The OCO has stated that separated children are not treated equally to Irish children, Read more…

Fine Gael promises to ‘stamp out’ Ireland’s sex and slave trade

November 17, 2009 Leave a comment

Fine Gael Immigration & Integration Spokesman, Denis Naughten TD will tonight bring forward a Private Members’ Motion which aims to address the issue of trafficking of women and girls through and to the state in the service of the sex industry. The full text of the press release is here. You can find more information on Fine Gael’s immigration policy here. It includes a policy statement on human trafficking. The Immigrant Council of Ireland has a wonderful collection of resources on the Irish approach to human trafficking here, the IHRC provides information here, and you can find details of the government’s anti-trafficking policy here and here. The image at left is the logo of ‘Blue Blindfold‘; a European G6 Human Trafficking Initiative, of which Ireland is a member. Fine Gael promises that its scheme will eliminate sex trafficking by:

• Moving the focus on human trafficking from Garda National Immigration Bureau to the Garda Organised Crime Unit;
• Ending the policy of placing victims of human trafficking in asylum centres and introducing independent accommodation, support and protection services. NGOs believe that in some instances traffickers are targeting asylum seekers hostels and identifying women and young girls who they attempt to lure into a life of prostitution;
• Extending the ‘period of recovery and reflection’ as defined in the Immigration, Residency and Protection Bill 2008 now before Dáil Éireann;
• Extending the remit of the Department of Justice’s Anti-Human Trafficking Unit to include migrant women in prostitution;
• Establishing a High Level Group to examine our prostitution laws with a view to preventing the proliferation of sex trafficking.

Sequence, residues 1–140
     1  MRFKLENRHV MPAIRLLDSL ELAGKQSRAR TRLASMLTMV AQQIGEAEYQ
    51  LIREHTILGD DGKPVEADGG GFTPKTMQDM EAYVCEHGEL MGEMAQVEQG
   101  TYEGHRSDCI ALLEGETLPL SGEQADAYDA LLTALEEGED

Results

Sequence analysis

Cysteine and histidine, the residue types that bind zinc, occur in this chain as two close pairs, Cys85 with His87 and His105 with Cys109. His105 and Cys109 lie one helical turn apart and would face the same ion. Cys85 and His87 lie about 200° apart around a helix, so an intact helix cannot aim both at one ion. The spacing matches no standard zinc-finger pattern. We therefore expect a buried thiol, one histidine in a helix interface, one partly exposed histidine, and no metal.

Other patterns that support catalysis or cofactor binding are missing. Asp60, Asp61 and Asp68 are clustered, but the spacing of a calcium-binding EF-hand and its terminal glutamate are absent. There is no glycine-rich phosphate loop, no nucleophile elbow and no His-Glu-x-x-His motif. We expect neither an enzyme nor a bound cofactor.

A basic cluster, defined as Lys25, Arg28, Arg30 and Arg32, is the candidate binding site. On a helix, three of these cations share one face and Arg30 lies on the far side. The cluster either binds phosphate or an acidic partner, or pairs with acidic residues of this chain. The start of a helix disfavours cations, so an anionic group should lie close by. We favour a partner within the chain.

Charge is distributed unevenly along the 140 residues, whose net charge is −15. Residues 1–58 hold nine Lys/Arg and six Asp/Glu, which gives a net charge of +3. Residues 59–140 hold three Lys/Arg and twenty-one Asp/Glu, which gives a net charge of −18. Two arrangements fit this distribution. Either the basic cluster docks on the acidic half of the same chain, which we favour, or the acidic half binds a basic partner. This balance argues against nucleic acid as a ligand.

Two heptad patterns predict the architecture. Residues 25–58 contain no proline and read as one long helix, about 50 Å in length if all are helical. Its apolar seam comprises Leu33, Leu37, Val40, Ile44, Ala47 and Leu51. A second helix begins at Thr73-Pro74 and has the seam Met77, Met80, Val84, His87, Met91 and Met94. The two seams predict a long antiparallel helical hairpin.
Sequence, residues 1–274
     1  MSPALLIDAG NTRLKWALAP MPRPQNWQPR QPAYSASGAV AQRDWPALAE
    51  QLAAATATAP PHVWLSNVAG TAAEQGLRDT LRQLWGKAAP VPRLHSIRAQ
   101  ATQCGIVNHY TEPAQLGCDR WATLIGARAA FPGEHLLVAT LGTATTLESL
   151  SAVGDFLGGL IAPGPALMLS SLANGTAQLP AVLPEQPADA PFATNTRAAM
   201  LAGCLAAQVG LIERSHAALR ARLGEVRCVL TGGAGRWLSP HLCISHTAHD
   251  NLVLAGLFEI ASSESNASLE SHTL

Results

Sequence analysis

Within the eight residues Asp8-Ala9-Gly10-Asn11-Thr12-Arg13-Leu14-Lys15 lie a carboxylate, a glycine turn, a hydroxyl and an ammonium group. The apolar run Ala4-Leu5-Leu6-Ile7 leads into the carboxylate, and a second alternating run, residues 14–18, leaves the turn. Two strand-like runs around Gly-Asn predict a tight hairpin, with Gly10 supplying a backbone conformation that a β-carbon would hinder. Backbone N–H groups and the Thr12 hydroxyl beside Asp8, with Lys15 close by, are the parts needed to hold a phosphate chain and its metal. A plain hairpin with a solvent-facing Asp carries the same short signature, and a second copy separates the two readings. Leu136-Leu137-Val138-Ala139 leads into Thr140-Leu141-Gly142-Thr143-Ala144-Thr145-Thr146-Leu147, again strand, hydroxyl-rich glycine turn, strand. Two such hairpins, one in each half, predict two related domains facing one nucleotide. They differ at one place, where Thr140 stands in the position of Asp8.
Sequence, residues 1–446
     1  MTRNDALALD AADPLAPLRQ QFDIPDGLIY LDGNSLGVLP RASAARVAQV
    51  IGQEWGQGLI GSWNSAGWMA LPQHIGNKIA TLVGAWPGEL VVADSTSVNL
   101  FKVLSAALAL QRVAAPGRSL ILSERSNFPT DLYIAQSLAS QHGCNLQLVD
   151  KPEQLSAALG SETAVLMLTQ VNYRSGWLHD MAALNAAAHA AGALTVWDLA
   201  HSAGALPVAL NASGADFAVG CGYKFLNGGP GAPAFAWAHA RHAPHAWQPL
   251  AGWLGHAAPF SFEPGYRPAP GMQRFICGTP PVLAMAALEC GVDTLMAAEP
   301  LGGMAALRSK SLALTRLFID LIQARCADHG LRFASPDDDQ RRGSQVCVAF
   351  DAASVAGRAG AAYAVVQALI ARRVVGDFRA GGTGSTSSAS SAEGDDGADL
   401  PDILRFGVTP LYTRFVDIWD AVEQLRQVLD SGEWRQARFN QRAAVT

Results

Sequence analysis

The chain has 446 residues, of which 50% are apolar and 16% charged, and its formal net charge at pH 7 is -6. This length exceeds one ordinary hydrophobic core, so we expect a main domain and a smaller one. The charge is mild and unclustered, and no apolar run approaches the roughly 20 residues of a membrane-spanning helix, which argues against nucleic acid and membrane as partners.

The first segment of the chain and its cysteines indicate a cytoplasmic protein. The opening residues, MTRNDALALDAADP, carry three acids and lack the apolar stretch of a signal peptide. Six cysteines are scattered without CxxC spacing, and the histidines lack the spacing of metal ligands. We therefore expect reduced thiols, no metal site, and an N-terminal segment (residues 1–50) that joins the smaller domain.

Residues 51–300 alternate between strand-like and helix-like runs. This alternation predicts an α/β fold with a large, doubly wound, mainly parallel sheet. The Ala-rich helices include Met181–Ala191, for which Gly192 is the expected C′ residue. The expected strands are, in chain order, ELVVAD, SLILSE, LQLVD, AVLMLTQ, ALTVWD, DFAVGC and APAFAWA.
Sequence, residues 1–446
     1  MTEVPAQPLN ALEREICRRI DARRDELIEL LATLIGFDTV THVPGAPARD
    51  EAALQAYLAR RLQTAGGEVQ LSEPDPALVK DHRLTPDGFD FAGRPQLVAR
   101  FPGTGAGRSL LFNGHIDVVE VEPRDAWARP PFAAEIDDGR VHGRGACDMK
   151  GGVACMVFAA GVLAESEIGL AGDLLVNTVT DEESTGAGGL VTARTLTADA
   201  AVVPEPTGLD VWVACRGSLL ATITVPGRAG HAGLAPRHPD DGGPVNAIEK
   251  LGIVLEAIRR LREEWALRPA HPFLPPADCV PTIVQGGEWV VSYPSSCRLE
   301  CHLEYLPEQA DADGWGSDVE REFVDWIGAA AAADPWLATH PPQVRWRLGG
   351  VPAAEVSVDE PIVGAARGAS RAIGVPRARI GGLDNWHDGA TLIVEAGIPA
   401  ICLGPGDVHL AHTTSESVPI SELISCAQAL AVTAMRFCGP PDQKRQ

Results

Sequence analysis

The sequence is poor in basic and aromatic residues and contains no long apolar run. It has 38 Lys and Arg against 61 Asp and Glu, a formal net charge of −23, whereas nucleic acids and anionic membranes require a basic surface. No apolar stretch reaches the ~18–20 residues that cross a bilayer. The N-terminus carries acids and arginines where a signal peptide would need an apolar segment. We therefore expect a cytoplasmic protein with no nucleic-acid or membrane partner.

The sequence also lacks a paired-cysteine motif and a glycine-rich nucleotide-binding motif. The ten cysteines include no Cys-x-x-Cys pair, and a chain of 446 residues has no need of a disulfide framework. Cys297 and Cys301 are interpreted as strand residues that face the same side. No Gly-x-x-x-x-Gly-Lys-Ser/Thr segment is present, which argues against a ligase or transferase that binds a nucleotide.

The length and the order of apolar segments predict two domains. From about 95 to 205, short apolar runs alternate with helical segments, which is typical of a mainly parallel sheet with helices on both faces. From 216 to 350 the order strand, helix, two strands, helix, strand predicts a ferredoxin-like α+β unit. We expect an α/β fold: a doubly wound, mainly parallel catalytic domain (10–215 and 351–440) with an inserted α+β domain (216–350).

The press release goes on to say that ‘our law currently provides for a defence in court to prove that they did not know that the person was trafficked. However, a new law for the UK will bring a provision of direct liability into force meaning that ignorance to the fact an individual was sex trafficked will not be defensible in court.’ This seems to refer to provisions of the Policing and Crime Act, 2009 which criminalise the purchase of sex. The Guardian has a good collection of UK resources on human trafficking here. The Dignity Project (a joint initiative of the Immigrant Council of Ireland and the Dublin Employment Pact) has also urged the introduction of legislation which would criminalise men who buy sex.

The press release further says that ‘[t]he reality is that unless we adopt a decisive and practical approach to protection and support systems, victims will not come forward to Garda authorities. This is fundamental to securing convictions against those directly involved in this trade, and objective which every political party supports.’ Ruhama, the organisation which works with women who have been exploited for sex, has criticised the government for not ensuring that protection is offered to as many victims of human trafficking as possible.

Ronit Lentin: Anti Racism and Lived Experience

November 16, 2009 1 comment

logoThis post is a ‘donation’ from Ronit Lentin’s blog ‘Free Radical‘. It was first published there on November 1.  You can read more about Ronit on the ‘Guest Contributors’ page.

Since the onset of the recession and the demise of the NCCRI and the cut in the budget of the Equality Authority and the Irish Commission on Human Rights, no one has been speaking much about racism. Most Irish people feel they have other priorities, as they try to make ends meet, get a bank loan, or secure their pensions.

Racism, however, has not disappeared. Migrants, Travellers and members of other ethnic minorities are reporting a marked increase in racist incidents, though, apart from CSO statistics on ‘racially motivated crimes’ (which don’t differentiate the experiences of Travellers, migrants or other racialised groups) there is little hard evidence.

It was therefore encouraging that the Equality Authority and the European Network against Racism organised a discussion forum on ‘Tackling racism and the impact of racist stereotypes’. The event, hosting academics, members of NGOs, some of whom were themselves migrants, Travellers and members of minorities, aimed to identify ‘best practices and tools to address racism including racism arising from stereotypes’.